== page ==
Newsom redirects $200M to child care, food banks after legislative dispute

By Mackenzie Mays

10/20/2020 07:29 PM EDT Updated: 10/20/2020 07:35 PM EDT

SACRAMENTO — Gov. Gavin Newsom has redirected $200 million in federal coronavirus relief to assist child care providers and food banks after frustrated state lawmakers demanded more say in how the money is spent.

The reallocation of the funding this week represents a compromise between the governor and the Legislature, after the Joint Legislative Budget Committee scolded Newsom for a lack of legislative involvement regarding federal CARES Act funds he directed toward his Project Homekey program.

In a letter to the governor on Oct. 7, Sen. Holly Mitchell (D-Los Angeles) voiced concern about an additional allocation of $200 million from the state’s coronavirus relief fund for the initiative, which aims to house the homeless through hotels, motels and other vacant properties. The Legislature had already approved $550 million for the program.

“Had the Legislature known that there was $200 million in funding available to respond to the pandemic, in addition to addressing homelessness, we may have identified some other funding priorities,” Mitchell said in the letter to the governor’s Finance Department.

Mitchell said she would approve of the additional funding if the governor allowed an equal $200 million to go toward legislative priorities including for child care providers, emergency food relief and diaper banks.

A Monday letter from Newsom’s Department of Finance appears to meet those demands.

Where the money goes: In its memo, the Department of Finance notified the Joint Legislative Budget Committee that $110 million in funding the state received as part of the federal CARES Act approved in March will augment state-subsidized child care provider contracts.

That includes covering family fees that providers typically receive for care but were forced to absorb because the state issued waivers for lower-income families who are now keeping their children home because of distance learning accommodations, quarantining needs or temporary daycare closures due to the pandemic.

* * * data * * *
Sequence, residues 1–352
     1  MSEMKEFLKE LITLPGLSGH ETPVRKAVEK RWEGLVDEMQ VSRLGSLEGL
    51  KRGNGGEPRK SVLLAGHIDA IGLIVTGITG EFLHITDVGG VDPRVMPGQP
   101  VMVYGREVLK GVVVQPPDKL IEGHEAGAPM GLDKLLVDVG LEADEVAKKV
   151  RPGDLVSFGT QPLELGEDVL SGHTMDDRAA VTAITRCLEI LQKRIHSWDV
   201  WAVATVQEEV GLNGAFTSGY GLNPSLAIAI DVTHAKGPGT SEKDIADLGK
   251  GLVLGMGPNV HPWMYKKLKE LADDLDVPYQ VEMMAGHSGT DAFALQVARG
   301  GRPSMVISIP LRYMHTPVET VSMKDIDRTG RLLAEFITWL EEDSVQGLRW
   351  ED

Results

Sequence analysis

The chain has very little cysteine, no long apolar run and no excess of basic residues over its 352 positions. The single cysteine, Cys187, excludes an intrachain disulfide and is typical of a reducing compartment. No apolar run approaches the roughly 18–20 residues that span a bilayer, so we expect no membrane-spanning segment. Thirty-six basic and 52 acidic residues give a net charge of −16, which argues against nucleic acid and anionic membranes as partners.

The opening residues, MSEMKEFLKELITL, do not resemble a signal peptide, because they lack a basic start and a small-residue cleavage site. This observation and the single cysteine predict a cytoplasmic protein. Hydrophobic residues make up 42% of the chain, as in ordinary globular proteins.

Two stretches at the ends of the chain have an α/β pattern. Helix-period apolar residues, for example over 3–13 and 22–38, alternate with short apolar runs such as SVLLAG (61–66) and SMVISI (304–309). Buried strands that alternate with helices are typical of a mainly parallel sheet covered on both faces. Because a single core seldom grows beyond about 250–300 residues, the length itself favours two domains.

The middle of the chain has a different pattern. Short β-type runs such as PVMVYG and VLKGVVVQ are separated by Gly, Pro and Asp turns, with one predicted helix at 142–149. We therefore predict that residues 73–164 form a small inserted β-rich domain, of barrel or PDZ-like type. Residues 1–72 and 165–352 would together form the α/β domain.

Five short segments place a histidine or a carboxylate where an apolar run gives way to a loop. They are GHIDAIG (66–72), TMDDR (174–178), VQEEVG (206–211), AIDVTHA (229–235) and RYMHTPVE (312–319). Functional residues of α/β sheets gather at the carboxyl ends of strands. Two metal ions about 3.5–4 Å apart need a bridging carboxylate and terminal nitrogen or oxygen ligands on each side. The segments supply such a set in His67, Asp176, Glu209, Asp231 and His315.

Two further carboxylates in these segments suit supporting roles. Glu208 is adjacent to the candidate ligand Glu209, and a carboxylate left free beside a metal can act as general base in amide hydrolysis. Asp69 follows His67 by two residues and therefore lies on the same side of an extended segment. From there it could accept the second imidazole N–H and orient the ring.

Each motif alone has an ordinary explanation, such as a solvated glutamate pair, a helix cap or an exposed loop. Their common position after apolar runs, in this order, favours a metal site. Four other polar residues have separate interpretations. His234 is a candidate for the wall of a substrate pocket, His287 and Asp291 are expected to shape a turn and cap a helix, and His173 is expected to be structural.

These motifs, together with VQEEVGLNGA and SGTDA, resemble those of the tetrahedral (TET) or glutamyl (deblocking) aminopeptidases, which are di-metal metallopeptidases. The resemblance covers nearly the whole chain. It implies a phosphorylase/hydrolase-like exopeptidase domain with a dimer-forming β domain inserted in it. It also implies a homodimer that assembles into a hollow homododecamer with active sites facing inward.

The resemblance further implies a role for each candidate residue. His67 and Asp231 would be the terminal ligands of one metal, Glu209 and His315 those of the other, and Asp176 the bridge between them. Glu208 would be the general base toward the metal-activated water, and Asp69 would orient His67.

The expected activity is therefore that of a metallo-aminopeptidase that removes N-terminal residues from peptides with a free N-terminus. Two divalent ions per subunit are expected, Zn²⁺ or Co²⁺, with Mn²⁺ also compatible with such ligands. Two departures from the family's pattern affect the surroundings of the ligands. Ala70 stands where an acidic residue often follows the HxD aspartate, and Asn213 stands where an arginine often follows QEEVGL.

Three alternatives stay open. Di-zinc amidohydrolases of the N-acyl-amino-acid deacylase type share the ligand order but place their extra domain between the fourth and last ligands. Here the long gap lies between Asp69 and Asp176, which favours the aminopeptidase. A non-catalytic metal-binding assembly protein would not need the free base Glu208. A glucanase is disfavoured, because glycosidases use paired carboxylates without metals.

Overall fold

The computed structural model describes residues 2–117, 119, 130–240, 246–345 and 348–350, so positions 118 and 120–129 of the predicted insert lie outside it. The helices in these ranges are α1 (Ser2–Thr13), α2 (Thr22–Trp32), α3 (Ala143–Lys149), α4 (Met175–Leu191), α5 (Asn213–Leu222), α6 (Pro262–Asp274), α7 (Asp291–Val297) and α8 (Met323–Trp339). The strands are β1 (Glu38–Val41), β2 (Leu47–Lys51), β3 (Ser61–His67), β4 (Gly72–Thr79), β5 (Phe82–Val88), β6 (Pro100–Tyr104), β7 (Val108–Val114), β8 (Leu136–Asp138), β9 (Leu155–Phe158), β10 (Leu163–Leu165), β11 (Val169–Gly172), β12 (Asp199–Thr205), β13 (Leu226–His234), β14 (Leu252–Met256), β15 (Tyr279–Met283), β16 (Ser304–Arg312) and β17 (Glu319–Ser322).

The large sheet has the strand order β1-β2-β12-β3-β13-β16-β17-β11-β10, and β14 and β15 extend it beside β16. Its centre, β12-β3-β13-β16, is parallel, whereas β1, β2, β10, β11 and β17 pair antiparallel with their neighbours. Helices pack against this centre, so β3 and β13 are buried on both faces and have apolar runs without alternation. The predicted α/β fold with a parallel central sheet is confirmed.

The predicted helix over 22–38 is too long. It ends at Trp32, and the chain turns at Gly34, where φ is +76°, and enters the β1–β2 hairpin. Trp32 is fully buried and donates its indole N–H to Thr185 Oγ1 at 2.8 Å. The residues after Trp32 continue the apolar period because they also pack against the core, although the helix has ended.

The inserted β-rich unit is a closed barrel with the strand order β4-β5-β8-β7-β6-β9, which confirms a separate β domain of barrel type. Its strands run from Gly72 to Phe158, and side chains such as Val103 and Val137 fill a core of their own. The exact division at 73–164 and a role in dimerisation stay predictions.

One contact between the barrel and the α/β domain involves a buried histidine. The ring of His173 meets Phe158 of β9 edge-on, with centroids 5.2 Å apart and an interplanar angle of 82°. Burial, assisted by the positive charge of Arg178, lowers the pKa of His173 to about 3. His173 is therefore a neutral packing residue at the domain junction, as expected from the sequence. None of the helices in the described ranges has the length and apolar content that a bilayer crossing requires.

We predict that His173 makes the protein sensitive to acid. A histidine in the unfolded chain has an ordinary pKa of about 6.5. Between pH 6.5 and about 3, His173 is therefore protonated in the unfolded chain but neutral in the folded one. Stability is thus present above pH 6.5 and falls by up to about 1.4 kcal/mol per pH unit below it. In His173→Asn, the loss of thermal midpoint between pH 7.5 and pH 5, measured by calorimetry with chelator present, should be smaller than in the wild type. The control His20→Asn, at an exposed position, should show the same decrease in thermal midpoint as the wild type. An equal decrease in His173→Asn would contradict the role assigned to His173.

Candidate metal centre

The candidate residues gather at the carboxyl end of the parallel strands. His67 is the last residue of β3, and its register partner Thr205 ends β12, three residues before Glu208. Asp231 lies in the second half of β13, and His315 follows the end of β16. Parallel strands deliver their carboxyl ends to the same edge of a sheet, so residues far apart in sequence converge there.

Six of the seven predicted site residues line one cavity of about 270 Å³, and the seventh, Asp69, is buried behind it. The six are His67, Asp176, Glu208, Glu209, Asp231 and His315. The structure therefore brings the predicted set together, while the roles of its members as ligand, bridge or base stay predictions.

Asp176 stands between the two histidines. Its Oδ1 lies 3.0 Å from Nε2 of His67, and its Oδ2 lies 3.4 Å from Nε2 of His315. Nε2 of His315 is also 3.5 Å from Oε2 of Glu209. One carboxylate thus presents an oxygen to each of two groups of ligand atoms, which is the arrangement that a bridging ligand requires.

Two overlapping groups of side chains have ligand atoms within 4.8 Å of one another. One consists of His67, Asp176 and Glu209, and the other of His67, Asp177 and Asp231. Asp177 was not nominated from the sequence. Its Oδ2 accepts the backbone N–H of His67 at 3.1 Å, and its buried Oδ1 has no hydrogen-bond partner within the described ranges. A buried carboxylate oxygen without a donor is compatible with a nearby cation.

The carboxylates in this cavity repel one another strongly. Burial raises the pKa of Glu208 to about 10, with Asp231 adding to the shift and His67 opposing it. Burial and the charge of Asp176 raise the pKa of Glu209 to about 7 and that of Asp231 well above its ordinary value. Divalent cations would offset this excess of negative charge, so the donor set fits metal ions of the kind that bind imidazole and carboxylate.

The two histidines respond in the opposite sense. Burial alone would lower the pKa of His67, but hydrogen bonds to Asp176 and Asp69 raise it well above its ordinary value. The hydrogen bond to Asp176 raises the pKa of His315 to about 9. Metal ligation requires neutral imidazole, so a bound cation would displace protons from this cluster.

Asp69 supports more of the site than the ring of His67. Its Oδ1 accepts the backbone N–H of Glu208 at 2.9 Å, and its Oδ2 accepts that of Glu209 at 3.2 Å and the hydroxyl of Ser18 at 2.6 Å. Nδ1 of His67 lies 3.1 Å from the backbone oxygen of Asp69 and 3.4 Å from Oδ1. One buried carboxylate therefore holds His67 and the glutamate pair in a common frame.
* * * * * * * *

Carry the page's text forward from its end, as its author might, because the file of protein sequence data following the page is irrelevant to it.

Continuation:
The state was looking to $30 million in hypothetical aid from a federal stimulus deal that has yet to materialize, putting child care workers on edge given the status of Washington talks, but Monday’s decision provides a solution.

The remaining bulk of that $110 million will go to increase provider contracts and to allow access for more children of essential workers.

“Child care providers have been serving substantially more school-age children in subsidized childcare programs than anticipated due to the closure of public schools statewide. This has resulted in a shortfall of funds for many providers, leading some to consider terminating care for children of essential workers with temporary slots to avoid overspending their state contract allocation,” states the Department of Finance letter.page1image35779520page1image35772416page1image35774528page1image35766464

In addition, up to $90 million in federal coronavirus relief will help supplement food and diaper supplies for California families. Of the $90 million requested, $15 million will be dedicated for diapers and $75 million will support emergency food assistance.

What’s next: All federal pandemic relief must be spent and services delivered by December 30. Child Care Providers United praised Newsom’s reallocation but called for more “permanent economic

protections” for child care providers.

“Over the last month, thousands of providers staged protests across the state to bring attention to a child care system in crisis. We’re glad the state appears to have listened and has decided to cover family fees instead of levying a tax against providers, most of whom are women of color,” Max Arias, chairperson for Child Care Providers United, said in a statement.

Like this article?

Share on Facebook
Share on Twitter
Share on Linkdin

Share This Post

Subscribe To Our Newsletter

Get updates and learn from the best

More To Explore